Sunday, April 24, 2016

5 Must Read Books on Ramadan

Ramadan is a month long Muslim celebration. There is a strong emphasis on community, family, and charity. Most importantly, it is about a renewal of their focus and faith in Allah. Learning about Ramadan is a way to emphasize that while we are all different, people need faith, community, family, and charity to be healthy and happy.    

With several informative children’s books on Ramadan, educators and parents can expand awareness about the traditions of the followers of Islam.  I learned a lot about this religious and cultural celebration from the selections I chose. For those who have Muslim children in their classroom or neighborhood and want to learn more about their faith and culture, Dorothy Kavanaugh’s Islamic Festivals and Celebrations provides a more comprehensive explanation of Ramadan, Eid al-Fitr, hajj, Eid al-Adha, births, weddings, deaths, and other celebrations.  She also includes other books and Internet resources.  The following is a progressive listing of Must Reads for those wanting to expand their students' or children’s multicultural awareness.


This non-fiction book is a fantastic introduction for children. There are many vibrant photographs from various countries illustrating Ramadan traditions like praying, reading the Koran, dancing, and sharing food. The large text is broken into small sections that are easy to understand. Heligman proves a wonderful overview for ages 5 and up. 


My First Ramadan (Karen Katz)
Katz writes her story through the perspective of a preschool child who wants to fast like the grown-ups do.  Young readers get the sense of experiencing the festival for the first time through this wide-eyed, enthusiastic narrator.  Adorable pictures and large text make it ideal for ages 2-6. 


Under the Ramadan Moon (Sylvia Whitman)
This lyrical story provides snapshots of the celebration.  Verses each follow a similar format as  We wait for the moon. We watch for the moon. We watch for the Ramadan moon.” Whitman’s perspective is that of the Muslim people as a whole rather than an individual child telling the story. Ages 4-8 will enjoy it.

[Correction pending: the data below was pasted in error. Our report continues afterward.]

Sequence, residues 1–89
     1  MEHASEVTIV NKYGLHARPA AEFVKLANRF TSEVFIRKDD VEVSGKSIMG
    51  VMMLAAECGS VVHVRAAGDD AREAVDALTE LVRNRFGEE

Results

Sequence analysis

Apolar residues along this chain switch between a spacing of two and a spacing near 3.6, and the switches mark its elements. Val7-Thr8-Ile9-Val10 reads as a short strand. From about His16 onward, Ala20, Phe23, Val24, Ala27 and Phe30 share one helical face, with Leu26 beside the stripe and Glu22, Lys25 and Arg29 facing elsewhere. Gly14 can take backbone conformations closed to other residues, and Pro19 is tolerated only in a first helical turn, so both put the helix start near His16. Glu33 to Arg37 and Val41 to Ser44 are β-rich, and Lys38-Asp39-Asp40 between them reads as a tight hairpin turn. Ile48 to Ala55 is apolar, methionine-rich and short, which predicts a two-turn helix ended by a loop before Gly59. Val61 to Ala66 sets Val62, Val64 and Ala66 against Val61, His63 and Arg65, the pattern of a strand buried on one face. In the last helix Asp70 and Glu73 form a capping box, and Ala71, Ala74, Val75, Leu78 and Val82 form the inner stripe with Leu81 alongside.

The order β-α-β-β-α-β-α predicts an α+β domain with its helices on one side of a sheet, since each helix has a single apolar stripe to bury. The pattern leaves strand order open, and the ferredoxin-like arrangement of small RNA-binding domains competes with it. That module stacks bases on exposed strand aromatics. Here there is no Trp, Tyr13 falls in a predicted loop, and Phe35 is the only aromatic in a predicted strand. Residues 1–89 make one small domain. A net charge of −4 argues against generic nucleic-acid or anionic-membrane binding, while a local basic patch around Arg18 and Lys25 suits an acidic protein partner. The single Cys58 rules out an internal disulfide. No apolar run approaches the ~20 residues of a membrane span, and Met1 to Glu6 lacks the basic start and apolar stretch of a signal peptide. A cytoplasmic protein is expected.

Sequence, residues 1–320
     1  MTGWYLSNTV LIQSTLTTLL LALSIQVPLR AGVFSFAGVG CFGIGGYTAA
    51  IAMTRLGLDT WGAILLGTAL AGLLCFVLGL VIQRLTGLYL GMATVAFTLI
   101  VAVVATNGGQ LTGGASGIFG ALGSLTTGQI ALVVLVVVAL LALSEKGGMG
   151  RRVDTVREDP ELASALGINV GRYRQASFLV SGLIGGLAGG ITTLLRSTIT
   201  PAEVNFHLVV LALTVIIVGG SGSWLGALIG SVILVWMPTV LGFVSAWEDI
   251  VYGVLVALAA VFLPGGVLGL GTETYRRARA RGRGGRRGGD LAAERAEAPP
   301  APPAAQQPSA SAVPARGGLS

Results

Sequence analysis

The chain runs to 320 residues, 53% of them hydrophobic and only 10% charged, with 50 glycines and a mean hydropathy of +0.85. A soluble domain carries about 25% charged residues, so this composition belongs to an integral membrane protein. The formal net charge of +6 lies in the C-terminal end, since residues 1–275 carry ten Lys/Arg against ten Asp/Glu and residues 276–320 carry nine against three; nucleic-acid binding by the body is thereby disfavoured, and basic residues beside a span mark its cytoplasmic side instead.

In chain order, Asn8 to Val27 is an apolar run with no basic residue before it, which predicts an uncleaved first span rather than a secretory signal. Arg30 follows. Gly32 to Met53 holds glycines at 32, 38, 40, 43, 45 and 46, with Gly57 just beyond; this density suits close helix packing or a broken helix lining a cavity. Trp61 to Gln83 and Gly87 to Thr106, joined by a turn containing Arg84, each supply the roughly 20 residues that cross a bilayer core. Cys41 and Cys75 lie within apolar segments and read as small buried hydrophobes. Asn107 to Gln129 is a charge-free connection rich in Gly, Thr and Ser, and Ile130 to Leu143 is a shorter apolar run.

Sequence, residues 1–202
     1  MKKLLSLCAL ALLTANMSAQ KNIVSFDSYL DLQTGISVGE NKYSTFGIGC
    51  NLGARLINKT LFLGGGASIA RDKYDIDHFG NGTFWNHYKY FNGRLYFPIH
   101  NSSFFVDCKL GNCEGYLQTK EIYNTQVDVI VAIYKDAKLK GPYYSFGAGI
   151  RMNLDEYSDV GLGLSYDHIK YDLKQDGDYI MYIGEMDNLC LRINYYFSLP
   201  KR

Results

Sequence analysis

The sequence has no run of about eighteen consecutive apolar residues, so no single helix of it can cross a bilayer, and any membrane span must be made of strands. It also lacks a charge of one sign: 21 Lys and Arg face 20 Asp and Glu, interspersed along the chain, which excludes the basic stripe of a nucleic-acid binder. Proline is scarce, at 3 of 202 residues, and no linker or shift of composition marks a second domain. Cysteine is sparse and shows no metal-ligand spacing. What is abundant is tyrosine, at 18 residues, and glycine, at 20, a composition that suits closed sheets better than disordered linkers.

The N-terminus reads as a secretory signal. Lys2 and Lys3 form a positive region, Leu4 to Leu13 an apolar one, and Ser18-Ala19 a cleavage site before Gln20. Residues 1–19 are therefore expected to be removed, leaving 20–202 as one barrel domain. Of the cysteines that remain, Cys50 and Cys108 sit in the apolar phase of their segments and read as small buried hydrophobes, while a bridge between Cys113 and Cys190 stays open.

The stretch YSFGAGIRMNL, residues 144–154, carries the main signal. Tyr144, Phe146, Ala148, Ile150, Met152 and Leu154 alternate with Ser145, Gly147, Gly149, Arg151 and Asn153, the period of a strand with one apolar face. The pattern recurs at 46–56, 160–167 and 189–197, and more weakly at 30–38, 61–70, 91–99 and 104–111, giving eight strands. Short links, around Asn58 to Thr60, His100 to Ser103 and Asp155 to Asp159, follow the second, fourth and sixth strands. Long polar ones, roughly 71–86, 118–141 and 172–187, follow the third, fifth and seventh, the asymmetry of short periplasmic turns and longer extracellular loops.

Seven-year-old Pakistani-American Yasmeen tells the story of her family’s modern day celebration. This selection is probably my favorite because of the lush Islamic art and vivid colors, giving it an authentic feel. The storytelling is well done for the target audience of 6-9.


The White Nights of Ramadan (Maha Addasi)
Noor lives in a Middle Eastern country. She shares her excitement and wonder as she prepares for and celebrates in her native country. Readers see their traditional garb and local traditions (like one similar to our Halloween). The text will appeal to ages 6-11.

I want to mention one more book. It is not specifically about Ramadan, but it covers many aspects of it.


Golden Domes and Silver Lanterns (Hena Khan)
This concept book illuminates aspects of Islam while teaching colors.  Each poetic couplet captures the culture like “Red is the rug Dad kneels on to pray,/facing toward Mecca, five times a day,” and “Brown is a date, plump and sweet./During Ramadan, it’s my favorite treat.” Mehrdokht Amini’s stunning illustrations round out the elegant text.  This book is worth a trip to the bookstore or library for children ages 2-6.

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